USDA Requests Nominations for Ag Air Quality Task Force
The U.S. Department of Agriculture (USDA) is seeking nominees to its Task Force on Agricultural Air Quality Research.
WASHINGTON, March 6, 2023 - The U.S. Department of Agriculture (USDA) is seeking nominees to its Task Force on Agricultural Air Quality Research. Established in 1996, the Task Force examines the intersection of agricultural production and air quality, and advises the Secretary on scientifically sound, cost-effective, federally supported agricultural solutions that can help improve air quality. USDA is seeking nominations from individuals, including agricultural producers, agricultural industry representatives, researchers, scientists and members of health and regulatory committees to apply for membership on the Task Force.
“The Task Force on Agricultural Air Quality Research will help advance opportunities for agriculture to protect and enhance air quality while maintaining agricultural production,” said Agriculture Secretary Tom Vilsack. “We are looking to the expertise of local farmers, ranchers, academia and other environmental professionals to help us identify solutions that can positively affect agricultural air quality. This work is critical for protecting the health of local communities and advancing climate-smart agriculture.”
Applying for Membership
Interested candidates may nominate themselves. Nominations should be typed and include the following:
- A brief summary (two pages or less) explaining the nominee’s qualifications to serve on the Task Force.
- A resume providing the nominee’s background, experience and educational qualifications.
- A completed background disclosure form (Form AD-755) signed by the nominee.
- Any recent publications by the nominee relative to agricultural air quality (if appropriate).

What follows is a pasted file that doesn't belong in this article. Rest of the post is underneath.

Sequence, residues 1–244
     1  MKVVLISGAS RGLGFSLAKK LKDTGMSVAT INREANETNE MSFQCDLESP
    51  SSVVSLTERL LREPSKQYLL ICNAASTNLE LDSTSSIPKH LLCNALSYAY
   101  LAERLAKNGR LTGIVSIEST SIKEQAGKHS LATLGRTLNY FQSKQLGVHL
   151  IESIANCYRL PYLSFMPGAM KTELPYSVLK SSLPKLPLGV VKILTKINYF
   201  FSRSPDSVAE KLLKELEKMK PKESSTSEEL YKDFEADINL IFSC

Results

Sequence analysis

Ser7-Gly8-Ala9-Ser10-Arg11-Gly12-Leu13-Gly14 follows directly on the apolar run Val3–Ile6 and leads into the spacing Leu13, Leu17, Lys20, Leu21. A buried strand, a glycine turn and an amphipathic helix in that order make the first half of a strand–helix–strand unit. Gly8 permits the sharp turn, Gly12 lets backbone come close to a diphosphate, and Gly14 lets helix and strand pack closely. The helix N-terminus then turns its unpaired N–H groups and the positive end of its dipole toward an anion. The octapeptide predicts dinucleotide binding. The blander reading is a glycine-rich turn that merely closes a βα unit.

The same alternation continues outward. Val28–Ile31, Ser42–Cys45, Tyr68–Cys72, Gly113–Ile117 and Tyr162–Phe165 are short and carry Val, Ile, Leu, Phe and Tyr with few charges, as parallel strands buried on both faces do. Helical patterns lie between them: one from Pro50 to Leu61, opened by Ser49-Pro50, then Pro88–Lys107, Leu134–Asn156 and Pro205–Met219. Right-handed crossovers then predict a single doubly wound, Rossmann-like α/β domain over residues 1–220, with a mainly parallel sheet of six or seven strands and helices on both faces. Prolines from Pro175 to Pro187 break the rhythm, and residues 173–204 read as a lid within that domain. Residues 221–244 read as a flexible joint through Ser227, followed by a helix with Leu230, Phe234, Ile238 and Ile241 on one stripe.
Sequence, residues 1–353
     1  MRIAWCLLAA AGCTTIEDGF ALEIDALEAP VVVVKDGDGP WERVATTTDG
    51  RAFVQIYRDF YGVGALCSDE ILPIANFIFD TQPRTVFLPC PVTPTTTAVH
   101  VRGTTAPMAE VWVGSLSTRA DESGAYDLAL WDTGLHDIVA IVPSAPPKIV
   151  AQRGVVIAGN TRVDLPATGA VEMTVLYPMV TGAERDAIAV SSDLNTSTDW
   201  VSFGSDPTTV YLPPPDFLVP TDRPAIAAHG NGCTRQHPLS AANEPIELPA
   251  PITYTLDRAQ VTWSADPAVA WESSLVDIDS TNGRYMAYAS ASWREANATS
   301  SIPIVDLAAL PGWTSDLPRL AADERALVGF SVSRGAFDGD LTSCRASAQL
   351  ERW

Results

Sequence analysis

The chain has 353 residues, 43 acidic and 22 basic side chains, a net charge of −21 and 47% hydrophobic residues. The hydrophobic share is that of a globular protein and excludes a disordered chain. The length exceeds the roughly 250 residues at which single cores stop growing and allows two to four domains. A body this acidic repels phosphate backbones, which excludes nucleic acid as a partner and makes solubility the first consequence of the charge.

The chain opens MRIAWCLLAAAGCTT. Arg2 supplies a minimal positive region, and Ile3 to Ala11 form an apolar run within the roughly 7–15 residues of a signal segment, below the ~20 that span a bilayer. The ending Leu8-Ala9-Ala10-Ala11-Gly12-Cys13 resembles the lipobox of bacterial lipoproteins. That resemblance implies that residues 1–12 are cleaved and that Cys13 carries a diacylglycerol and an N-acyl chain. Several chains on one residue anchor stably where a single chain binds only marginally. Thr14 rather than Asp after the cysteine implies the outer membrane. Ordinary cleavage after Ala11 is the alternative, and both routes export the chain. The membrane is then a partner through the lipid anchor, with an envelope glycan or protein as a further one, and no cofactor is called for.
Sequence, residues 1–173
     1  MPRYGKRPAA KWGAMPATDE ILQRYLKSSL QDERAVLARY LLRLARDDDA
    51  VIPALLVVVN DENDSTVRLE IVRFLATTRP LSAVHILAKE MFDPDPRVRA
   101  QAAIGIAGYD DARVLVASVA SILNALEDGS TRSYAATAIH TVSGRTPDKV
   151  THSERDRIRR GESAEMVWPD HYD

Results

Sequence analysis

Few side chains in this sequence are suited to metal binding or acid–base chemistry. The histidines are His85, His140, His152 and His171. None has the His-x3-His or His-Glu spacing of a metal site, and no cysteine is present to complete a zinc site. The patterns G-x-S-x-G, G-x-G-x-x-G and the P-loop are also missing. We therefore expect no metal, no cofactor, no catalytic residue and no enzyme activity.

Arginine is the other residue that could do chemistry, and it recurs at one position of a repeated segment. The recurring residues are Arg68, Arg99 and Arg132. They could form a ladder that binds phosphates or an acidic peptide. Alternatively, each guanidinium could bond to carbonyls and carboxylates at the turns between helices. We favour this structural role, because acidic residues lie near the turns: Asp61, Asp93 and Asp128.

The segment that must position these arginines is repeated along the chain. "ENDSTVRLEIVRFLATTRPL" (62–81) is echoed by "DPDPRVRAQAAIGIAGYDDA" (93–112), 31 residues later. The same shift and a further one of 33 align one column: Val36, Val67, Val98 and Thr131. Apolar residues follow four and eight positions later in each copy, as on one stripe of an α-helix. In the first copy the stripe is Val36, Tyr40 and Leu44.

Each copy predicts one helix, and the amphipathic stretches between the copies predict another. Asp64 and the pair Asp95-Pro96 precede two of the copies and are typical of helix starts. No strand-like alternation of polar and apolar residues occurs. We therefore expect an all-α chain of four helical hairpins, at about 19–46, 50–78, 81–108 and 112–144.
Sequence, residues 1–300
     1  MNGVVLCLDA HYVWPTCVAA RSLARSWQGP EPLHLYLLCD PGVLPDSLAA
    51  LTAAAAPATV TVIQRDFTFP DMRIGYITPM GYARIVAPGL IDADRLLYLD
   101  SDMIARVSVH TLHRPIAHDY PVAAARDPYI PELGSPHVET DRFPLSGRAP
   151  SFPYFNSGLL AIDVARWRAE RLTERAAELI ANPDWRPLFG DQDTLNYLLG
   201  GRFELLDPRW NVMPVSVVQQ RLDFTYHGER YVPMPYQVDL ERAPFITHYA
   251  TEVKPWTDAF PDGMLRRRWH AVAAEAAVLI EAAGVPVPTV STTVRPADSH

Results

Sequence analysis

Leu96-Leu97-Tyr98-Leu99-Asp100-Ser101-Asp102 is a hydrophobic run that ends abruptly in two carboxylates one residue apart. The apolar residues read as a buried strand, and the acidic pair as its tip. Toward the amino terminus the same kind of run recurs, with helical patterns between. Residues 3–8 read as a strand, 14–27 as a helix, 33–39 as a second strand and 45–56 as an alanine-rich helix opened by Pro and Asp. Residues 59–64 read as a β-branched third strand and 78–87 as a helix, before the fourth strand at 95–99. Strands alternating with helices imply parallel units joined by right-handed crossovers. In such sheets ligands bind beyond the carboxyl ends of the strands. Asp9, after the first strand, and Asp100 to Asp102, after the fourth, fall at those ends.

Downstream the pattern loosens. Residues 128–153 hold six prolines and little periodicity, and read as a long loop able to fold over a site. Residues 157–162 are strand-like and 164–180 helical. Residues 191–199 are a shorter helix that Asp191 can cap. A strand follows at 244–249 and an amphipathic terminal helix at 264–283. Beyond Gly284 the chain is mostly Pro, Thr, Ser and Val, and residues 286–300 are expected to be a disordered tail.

- Letters of endorsement (optional).
Nominations must be emailed or postmarked by Friday, May 5, 2023, to be considered. See notice for more information.
USDA is committed to ensuring that the Task Force is composed of members from diverse backgrounds, who have an interest and expertise in agriculture air quality issues. Equal opportunity practices, in line with the USDA policies, will be followed in all appointments.
About the Task Force
Created by the 1996 Farm Bill, the Task Force continues to promote USDA research efforts and identifies cost-effective ways the agriculture industry can improve air quality. Focus areas of the Task Force may include:
- Addressing reactive nitrogen emissions, including ammonia from agricultural sources, especially in relation to nitrogen deposition, greenhouse gas impacts, and ammonia’s role as a precursor to fine particulate matter formation.
- Discussing agricultural greenhouse gas and carbon sequestration topics, including climate-smart agriculture and forestry options and sustainable solutions.
- Providing guidance and recommendations to the Secretary regarding the impact on agriculture from U.S. Environmental Protection Agency rules and research, including the National Ambient Air Quality Standards and emissions estimating methodologies for livestock and poultry operations.
- Discussing state and local air quality regulations related to agriculture and the potential impact on agricultural operations in those areas.
- Providing recommendations for needed research related to agricultural air quality issues.
- Ensuring that implementation of USDA practices, programs, and research for air quality and climate change promote environmental justice goals and exploring opportunities for improving the environment for all.
The Chief of USDA’s Natural Resources Conservation Service (NRCS) chairs the Task Force.
More information about the Task Force is available on the AAQTF webpage and in the Federal Register notice.
USDA touches the lives of all Americans each day in so many positive ways. Under the Biden-Harris administration, USDA is transforming America’s food system with a greater focus on more resilient local and regional food production, fairer markets for all producers, ensuring access to safe, healthy and nutritious food in all communities, building new markets and streams of income for farmers and producers using climate smart food and forestry practices, making historic investments in infrastructure and clean energy capabilities in rural America, and committing to equity across the Department by removing systemic barriers and building a workforce more representative of America. To learn more, visit usda.gov.
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